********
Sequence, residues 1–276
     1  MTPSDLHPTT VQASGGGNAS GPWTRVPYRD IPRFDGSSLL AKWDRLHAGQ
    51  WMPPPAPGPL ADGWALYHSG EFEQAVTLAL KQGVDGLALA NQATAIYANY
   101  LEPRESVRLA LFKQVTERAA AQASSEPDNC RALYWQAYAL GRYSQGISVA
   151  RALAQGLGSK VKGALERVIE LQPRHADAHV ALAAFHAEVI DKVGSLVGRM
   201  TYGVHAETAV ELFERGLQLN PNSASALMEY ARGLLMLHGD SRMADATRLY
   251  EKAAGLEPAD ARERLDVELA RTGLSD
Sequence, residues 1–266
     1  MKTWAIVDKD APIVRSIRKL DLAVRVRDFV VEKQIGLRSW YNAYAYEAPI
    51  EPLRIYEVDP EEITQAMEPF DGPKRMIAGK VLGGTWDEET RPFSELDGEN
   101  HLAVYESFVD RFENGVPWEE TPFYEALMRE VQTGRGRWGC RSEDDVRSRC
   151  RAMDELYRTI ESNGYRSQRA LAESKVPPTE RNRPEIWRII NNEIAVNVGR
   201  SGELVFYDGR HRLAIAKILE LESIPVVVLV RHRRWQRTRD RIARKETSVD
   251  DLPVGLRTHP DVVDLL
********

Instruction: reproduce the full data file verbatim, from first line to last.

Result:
Sequence, residues 1–276
     1  MTPSDLHPTT VQASGGGNAS GPWTRVPYRD IPRFDGSSLL AKWDRLHAGQ
    51  WMPPPAPGPL ADGWALYHSG EFEQAVTLAL KQGVDGLALA NQATAIYANY
   101  LEPRESVRLA LFKQVTERAA AQASSEPDNC RALYWQAYAL GRYSQGISVA
   151  RALAQGLGSK VKGALERVIE LQPRHADAHV ALAAFHAEVI DKVGSLVGRM
   201  TYGVHAETAV ELFERGLQLN PNSASALMEY ARGLLMLHGD SRMADATRLY
   251  EKAAGLEPAD ARERLDVELA RTGLSD
Sequence, residues 1–266
     1  MKTWAIVDKD APIVRSIRKL DLAVRVRDFV VEKQIGLRSW YNAYAYEAPI
    51  EPLRIYEVDP EEITQAMEPF DGPKRMIAGK VLGGTWDEET RPFSELDGEN
   101  HLAVYESFVD RFENGVPWEE TPFYEALMRE VQTGRGRWGC RSEDDVRSRC
   151  RAMDELYRTI ESNGYRSQRA LAESKVPPTE RNRPEIWRII NNEIAVNVGR
   201  SGELVFYDGR HRLAIAKILE LESIPVVVLV RHRRWQRTRD RIARKETSVD
   251  DLPVGLRTHP DVVDLL